Search Property For Sale

No rate cut mixed feelings

Google+ Pinterest LinkedIn Tumblr +

Property experts have mixed feelings about the stagnant repo rate, with some saying they are disappointed and others saying there is a silver lining.

After a challenging year for the property market the decision by the Reserve Bank’s Monetary Policy Committee to retain the repo rate unchanged at 6.5% and the mortgage rate at 10% is disappointing as we head into the festive season, says Samuel Seeff, chairman of the Seeff Property Group 

The news that inflation had dipped to a nine-year low of 3.7% (from 4.1% in September) along with a reasonably stable currency should have been enough to motivate a rate cut. The economy and consumers can do with some good news and it would have been a welcome boost as we head into the important retail season, he says.

Re/Max says this unchanged repo rate follows from a period of wins and losses for the South African economy. CPI slowed to 4,1% in September from 4,3% in August. However, Moody’s also gave South Africa a negative outlook for its investment grading and lowered its economic growth outlook for the country from 1.5% to 1% for 2020.

Mike Greeff, CEO of Greeff Christies International Real Estate however believes the  MPC decision (to leave the prime lending rate unchanged) is,”…  an encouraging sign. It means that the committee does not intend to make waves in the economy ahead of the busiest retail period of the year. “

He add: “The steady interest rates also mean that potential property buyers are better able to budget and plan for the year ahead. While lenders are using very strict criteria to assess loan applications, it is still quite possible for applicants to achieve a favourable outcome. The unchanged repo rate paired with the decrease in the fuel price should result in consumers not being stretched too thin financially over the holiday period. Direct and indirect foreign investors will also be able to invest with more certainty knowing that the exchange rate will not experience drastic, unexpected fluctuations. …”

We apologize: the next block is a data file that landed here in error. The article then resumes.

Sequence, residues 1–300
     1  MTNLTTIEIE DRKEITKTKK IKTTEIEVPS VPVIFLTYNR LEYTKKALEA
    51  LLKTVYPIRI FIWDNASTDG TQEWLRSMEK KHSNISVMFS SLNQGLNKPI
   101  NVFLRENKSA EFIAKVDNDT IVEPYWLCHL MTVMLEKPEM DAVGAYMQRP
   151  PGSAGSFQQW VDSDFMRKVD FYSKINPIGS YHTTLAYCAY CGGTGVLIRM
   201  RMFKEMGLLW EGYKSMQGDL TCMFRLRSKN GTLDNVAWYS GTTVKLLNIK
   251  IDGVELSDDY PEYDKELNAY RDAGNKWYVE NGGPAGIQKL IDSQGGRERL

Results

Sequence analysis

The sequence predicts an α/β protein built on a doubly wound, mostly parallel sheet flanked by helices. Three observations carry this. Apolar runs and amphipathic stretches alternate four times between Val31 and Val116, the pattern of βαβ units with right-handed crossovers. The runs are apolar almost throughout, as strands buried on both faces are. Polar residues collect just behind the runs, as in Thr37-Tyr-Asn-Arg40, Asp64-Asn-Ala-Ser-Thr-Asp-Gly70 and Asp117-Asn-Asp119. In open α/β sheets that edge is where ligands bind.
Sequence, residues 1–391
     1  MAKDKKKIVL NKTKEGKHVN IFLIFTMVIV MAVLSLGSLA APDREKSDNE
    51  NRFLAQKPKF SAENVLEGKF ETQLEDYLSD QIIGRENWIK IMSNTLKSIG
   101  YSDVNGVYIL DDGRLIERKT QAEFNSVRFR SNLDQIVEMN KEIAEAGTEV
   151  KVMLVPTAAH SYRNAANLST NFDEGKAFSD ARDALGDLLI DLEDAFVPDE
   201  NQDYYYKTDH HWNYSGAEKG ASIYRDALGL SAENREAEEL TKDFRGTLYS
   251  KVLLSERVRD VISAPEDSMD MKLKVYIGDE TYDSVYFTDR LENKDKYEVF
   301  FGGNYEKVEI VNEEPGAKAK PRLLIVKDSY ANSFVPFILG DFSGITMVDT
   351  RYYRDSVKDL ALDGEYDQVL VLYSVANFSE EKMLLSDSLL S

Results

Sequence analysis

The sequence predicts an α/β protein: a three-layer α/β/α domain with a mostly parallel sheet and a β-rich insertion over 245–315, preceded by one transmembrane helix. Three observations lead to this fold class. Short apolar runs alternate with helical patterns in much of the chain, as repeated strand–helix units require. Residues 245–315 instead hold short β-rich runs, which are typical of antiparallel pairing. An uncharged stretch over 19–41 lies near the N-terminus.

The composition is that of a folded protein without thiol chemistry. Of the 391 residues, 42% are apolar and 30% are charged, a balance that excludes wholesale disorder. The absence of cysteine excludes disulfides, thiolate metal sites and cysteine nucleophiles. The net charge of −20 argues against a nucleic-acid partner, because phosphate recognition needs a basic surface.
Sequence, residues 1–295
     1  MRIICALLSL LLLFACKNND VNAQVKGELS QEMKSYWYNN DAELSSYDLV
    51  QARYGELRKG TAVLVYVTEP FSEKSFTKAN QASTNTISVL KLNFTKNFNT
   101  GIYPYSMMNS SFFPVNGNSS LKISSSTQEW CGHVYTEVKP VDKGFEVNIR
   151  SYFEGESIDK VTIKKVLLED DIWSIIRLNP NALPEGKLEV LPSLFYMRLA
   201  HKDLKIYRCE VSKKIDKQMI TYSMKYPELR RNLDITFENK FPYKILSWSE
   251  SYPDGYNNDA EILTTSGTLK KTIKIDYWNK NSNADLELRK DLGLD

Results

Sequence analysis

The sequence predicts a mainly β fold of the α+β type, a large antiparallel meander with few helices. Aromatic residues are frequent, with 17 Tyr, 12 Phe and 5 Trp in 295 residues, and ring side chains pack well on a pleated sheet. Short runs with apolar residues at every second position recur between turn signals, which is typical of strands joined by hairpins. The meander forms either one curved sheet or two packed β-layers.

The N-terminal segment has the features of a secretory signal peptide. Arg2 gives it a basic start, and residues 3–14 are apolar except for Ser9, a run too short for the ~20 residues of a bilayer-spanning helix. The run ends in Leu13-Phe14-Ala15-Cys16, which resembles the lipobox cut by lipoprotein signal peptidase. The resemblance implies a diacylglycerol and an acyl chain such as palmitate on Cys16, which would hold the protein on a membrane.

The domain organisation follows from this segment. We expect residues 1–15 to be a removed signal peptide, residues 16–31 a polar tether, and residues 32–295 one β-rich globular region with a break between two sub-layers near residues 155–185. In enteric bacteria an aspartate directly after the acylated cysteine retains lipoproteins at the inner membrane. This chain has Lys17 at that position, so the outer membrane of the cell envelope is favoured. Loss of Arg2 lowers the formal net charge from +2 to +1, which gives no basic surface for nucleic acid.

Seeff says there has been plenty of activity in the market this year despite a negative sentiment , but largely at the lower price bands. This year has been the tale of two markets –  the busy low to mid-market to R1.8m (R3m in some areas) boosted by the favourable mortgage lending climate at the one end of the spectrum and the upper-end R10 million-plus market where little to no activity is taking place.

The upside to the current conditions, is that it is one of the best times to buy and Seeff expects this to remain the case during the early part of 2020. The interest rate is at the lowest level in years and the flat price growth means that there is a good window of opportunity for buyers.

While anticipating an increase in the number of transactions, Seeff says that the tale of two markets will likely continue with activity concentrated below R1.8m, supported by the low borrowing costs and favourable mortgage lending conditions.